A damning report by the United Nations blames Bashar al-Assad's government for a deadly chemical weapons attack in the north west of Syria in April.

The UN report's authors have said they are "confident" sarin nerve agent was used in the attack that killed more than 80 people.

US ambassador to the UN, Nikki Haley said: "Today's report confirms what we have long known to be true".

More than 87 people died in the nerve gas attack on the town in Idlib province, with the images spurring the US to fire cruise missiles at a Syrian air base believed to be where the assault had been launched.

The report seen by AFP stated: "The panel is confident that the Syrian Arab Republic is responsible for the release of sarin at Khan Sheikhoun on April 4 2017".

Damascus denies it was behind the attack, although in September, the UN said they had evidence the Syrian air force was behind it. Syria's ally Russia says the sarin attack was most likely caused by a bomb set off directly on the ground.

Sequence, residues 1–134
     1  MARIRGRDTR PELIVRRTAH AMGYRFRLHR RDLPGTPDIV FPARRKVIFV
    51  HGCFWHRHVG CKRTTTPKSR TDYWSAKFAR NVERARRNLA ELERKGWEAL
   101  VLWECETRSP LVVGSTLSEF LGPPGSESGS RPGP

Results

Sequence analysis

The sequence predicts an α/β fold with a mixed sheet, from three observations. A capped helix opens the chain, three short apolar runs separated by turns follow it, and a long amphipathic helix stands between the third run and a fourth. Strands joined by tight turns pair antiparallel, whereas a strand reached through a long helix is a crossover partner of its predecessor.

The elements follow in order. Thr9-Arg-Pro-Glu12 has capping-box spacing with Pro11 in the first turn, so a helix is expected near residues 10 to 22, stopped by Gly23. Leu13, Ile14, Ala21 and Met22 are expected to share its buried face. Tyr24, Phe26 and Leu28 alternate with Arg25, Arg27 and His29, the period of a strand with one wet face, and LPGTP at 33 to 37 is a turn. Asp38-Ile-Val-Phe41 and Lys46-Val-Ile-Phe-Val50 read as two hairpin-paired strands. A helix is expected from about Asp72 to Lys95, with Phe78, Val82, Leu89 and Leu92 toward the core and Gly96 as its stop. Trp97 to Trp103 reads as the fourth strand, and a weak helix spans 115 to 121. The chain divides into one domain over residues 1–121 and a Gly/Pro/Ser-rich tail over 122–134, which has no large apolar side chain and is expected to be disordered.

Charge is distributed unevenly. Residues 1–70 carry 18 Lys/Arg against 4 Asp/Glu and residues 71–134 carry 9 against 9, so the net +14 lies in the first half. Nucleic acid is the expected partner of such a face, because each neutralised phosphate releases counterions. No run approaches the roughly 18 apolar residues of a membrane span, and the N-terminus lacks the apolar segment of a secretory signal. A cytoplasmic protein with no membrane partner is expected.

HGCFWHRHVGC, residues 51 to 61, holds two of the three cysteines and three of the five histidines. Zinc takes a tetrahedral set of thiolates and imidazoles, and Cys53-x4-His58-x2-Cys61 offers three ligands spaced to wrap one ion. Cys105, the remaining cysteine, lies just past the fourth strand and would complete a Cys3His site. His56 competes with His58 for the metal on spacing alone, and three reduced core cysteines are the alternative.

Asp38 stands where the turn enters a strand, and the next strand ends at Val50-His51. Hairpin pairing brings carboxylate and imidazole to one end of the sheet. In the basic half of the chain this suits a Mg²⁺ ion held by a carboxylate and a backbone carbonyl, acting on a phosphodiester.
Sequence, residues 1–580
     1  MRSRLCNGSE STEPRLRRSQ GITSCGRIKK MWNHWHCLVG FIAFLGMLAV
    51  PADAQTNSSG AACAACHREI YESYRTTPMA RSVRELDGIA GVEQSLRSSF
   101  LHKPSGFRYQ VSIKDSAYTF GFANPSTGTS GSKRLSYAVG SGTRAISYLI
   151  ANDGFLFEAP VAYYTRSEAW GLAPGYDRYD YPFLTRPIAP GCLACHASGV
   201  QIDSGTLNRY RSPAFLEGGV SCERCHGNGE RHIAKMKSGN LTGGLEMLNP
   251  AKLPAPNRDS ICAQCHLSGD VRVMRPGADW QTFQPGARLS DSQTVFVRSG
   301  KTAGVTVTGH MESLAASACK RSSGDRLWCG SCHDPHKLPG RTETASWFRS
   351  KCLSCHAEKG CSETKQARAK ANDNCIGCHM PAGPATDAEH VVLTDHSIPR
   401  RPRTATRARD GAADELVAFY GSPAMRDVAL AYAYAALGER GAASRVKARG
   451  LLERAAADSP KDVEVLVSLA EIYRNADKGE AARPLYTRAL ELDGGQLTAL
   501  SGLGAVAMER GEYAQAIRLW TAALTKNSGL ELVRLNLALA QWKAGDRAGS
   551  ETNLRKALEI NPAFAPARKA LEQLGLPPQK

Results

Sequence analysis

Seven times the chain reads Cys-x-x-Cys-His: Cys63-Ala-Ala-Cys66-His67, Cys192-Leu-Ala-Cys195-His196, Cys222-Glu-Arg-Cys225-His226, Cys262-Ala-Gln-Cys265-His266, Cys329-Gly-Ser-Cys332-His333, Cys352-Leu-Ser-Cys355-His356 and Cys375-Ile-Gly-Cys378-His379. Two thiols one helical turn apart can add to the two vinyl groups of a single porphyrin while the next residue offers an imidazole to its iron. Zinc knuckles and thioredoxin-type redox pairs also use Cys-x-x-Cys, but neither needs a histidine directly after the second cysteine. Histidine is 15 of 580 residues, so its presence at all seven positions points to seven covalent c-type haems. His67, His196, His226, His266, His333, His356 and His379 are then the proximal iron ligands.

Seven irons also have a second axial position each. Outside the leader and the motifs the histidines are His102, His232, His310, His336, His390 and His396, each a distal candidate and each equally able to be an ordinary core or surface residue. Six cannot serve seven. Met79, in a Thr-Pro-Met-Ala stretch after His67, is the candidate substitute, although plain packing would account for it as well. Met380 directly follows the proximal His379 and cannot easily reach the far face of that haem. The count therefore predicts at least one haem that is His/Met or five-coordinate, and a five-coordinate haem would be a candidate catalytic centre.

Haley's statement said: "Time and again, we see independent confirmation of chemical weapons use by the Assad regime. And in spite of these independent reports, we still see some countries trying to protect the regime. That must end now.

"Ignoring the overwhelming amount of evidence in this case shows a purposeful disregard for widely agreed international norms.

"The (UN) Security Council must send a clear message that the use of chemical weapons by anyone will not be tolerated, and must fully support the work of the impartial investigators. Countries that fail to do so are no better than the dictators or terrorists who use these terrible weapons."

Syria gas attack
A child receives treatment following a suspected toxic gas attack in Khan Sheikhun, a rebel-held town in the northwestern Syrian Idlib province Mohamed al-Bakour/AFP